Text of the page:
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Students in an anatomy and physiology class at Hawkeye Community College use 3D MRI visualization software to explore the bone structure of the human body.
Photo: Hawkeye Community College
Hawkeye Community College (Iowa) recently unveiled its new “virtual hospital,” showcasing education technology that is unique in the Midwest.
The new virtual hospital and simulation labs use state-of-the-art technology with realistic computerized full-body manikins, 3D imaging software, a medication management system and a web-based electronic medical records system replicating a medical facility.
Hawkeye’s new labs create a broad range of hospital settings including emergency room, intensive care, labor and delivery, exam rooms and many other patient scenarios. With more than 20 manikins, Hawkeye’s simulation labs have the depth and diversity of manikins covering a lifespan: birthing mom, infant, pediatric and all stages of adulthood.
Technology in the field
Hawkeye is the first community college to incorporate 3D body imaging software, BodyViz, into its curriculum. BodyViz software creates 3D images from MRI and CT scans, allowing students to explore the human body by examining body tissue and looking for disorders or diseases. Students learn about internal anatomy with the same technology used by surgeons in planning complicated and delicate procedures.
The college has incorporated the virtual hospital into all areas of its nursing and health science programs’ curriculum.
“This technology will be used in every health science program in training workers, as well as in the continuing education health care professionals need,” said Hawkeye President Linda Allen.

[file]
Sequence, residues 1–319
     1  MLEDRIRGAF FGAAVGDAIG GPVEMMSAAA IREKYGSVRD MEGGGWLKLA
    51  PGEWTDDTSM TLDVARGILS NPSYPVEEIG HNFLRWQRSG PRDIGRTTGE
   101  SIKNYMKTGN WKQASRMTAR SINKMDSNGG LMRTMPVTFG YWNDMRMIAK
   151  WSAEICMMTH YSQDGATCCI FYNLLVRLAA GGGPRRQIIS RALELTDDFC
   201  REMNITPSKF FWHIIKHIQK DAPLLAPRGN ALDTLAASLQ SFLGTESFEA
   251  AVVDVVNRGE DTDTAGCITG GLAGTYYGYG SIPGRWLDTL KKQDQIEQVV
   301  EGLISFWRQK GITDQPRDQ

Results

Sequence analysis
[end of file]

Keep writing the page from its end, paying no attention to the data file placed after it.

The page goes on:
Preparing for rotations
Students studying health care can practice real-life patient scenarios in a controlled environment before they step foot in a hospital or medical facility for their clinical rotation, according to college officials.
“The use of simulation labs provides a very comfortable learning environment for students and gets them excited about what they are studying. They start making the connections of how everything is interrelated to the overall patient care,” said Tracy Elliott, Hawkeye’s virtual hospital coordinator. “It is so rewarding to watch these students not only advance their technical skills but also their soft skills in communication, working as a team, critical thinking and dealing with stressful situations.”
Hawkeye is filling a huge need among employers and the community for skilled healthcare workers. In Iowa, the health career field is expected to grow by 26 percent in the next 10 years, according to Iowa Workforce Development.
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